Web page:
Category Archives: Wildflower Photography

May Workshop in Hocking Hills | Back to the Basics

I am happy to announce that I will be leading and presenting a one-day nature photography workshop at The Inn at Cedar Falls in Hocking Hills State Park, Ohio. This program will be limited to the first 20 people who register (by emailing me @ [email protected]) and will be a nice balance between classroom instruction on digital editing and field shooting locations to include the beautiful waterfalls and woodlands of what I consider the most scenic location in Ohio. The cost is $89 per person which includes lunch at The Inn. Transportation and accommodations are not included but I am happy to provide some excellent suggestions as to where to stay in the area. Of course The Inn at Cedar Falls is always my first recommendation.

May in Hocking Hills is spectacular and I look forward to leading the group to my favorite locations and providing instruction on composition, lighting, equipment, settings for best results using the DSLR camera and even offering my best tips for nature photography with the iPhone and other camera phones. My workshops are open to all levels of experience. One thing I don’t do is my own shooting while teaching my workshops. I am there for my students! For more details please see

Promo flyer for spring nature photography workshop in Hocking Hills Ohio by Jim Crotty
Promo flyer for spring nature photography workshop in Hocking Hills Ohio by Jim Crotty


Betwixt and Between | Coming Full Circle, again

It’s always the unexpected that makes for the best experiences and images with landscape photography. One such experience occurred this past Friday evening. Good friends of mine here in the North Dallas area of Frisco, Joel and Julie, invited me to come photograph a hidden away patch of Texas prairie that had not yet been developed into a subdivision. It was land that bordered the farm property they both were renting for raising Arabians, chickens and just having a welcome retreat for me to escape to. But even here they were already making plans to buy farm/ranch acres of their own, several miles to the north near the Oklahoma border. Sprawl was coming.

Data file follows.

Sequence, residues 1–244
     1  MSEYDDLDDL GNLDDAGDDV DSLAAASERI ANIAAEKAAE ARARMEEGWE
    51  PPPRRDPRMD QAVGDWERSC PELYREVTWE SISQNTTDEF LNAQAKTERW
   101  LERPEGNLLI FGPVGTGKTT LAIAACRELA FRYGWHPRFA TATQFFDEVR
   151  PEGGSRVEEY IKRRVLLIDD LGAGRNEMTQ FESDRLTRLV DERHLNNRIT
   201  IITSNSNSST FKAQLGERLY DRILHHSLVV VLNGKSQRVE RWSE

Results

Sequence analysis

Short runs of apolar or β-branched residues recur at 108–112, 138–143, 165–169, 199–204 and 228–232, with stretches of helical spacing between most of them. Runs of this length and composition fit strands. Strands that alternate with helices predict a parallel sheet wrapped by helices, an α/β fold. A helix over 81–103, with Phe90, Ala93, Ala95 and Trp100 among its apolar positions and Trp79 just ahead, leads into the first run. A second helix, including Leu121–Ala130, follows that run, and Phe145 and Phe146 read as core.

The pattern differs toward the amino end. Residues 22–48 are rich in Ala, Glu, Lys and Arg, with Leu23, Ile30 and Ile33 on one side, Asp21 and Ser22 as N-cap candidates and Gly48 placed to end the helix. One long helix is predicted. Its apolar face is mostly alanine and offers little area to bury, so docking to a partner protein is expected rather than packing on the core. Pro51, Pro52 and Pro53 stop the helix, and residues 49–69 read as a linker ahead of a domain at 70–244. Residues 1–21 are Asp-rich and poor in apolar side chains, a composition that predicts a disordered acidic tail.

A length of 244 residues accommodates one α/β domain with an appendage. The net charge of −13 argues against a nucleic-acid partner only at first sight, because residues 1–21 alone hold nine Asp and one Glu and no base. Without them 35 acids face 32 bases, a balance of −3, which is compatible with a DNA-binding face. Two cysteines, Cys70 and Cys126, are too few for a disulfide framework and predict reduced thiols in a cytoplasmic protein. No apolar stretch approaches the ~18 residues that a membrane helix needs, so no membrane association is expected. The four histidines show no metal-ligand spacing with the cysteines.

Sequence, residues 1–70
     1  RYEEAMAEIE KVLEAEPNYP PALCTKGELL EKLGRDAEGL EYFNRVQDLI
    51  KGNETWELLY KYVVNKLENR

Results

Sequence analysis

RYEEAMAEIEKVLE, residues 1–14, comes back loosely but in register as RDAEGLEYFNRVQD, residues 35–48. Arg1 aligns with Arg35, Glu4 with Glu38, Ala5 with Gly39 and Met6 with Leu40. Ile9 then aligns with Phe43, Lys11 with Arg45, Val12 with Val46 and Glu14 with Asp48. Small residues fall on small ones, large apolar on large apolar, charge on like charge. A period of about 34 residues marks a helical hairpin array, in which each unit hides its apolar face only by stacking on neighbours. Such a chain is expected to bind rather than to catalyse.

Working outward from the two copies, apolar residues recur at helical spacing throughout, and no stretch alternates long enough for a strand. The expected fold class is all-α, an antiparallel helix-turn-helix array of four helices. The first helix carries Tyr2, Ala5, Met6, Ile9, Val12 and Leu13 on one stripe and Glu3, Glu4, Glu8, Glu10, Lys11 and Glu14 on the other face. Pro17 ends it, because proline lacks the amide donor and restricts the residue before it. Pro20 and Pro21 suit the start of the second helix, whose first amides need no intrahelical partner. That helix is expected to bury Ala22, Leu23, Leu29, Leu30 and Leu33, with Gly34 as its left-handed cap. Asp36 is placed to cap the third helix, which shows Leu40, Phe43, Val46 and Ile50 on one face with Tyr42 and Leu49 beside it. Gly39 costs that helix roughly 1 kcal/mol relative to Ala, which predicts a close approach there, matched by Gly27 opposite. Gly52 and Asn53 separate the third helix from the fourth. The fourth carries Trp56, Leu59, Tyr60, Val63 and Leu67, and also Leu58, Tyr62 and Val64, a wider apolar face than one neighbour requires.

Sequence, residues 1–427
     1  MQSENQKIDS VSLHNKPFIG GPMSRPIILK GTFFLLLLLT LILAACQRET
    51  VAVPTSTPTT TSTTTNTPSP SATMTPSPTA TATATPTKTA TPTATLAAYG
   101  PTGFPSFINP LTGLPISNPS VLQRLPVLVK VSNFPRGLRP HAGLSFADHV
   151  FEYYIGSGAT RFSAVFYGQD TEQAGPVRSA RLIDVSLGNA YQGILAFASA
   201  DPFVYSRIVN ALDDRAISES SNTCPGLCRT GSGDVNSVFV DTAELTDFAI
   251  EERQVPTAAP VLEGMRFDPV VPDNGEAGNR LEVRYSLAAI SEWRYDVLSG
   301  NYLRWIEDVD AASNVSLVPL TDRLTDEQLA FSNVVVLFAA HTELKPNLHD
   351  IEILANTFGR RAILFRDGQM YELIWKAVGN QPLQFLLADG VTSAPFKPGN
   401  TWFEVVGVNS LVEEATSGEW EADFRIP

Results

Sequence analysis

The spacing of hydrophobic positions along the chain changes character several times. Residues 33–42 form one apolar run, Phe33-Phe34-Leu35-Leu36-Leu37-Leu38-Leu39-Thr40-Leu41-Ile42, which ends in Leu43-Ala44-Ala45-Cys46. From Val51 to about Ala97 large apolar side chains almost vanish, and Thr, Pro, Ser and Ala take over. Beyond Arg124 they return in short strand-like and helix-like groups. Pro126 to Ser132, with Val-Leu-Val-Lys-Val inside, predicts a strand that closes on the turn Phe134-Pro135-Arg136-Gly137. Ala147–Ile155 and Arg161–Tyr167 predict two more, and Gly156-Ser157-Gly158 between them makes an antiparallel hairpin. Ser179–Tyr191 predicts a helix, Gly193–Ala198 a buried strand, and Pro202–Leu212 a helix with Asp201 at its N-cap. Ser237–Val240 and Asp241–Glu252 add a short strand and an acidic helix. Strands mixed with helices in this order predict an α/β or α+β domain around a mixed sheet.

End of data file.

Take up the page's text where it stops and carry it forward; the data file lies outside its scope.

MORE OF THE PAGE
We hopped on the ATV’s and headed over to where Julie wanted to show me an incredible display of spring wildflowers. Through a face-load of pollen we came upon on a scene that I had always imagined how a North Texas prairie should be – an unbroken field of wildflowers (in this case Indian Blanket) with a horizon line not ruined by power lines and roofs. It was there and just as the setting sun was breaking through rain clouds I jumped off the ATV and began composing my captures.TexasAwesometicitybyJimCrottyFW

The bad news is that just on the other side of this field trees were already being taken out and the land surveyed for a new road, and subsequently new subdivisions. I live in one of those subdivisions just a few miles away.

The building-out and growth north of Dallas has not let-up since the 1980’s. Frisco is in the top five of the fastest growing communities in the U.S. Thousands of new residents are pouring in as more and more employers realize the benefits of favorable tax incentives in Texas. It’s all very good for the local economy but the nature photographer in me sees the downfall. There is very little in the way of set aside green space. There is nothing that even comes close to the Five Rivers MetroParks I had access to back in Dayton, Ohio. The situation presents a bit of a paradox for me. One the hand I can’t complain about the quality of the Frisco public school system. I have daughters in 6th and 8th grade here in Frisco and I have to admit, the quality is at par or even surpasses what I’ve experienced in the past with private schools.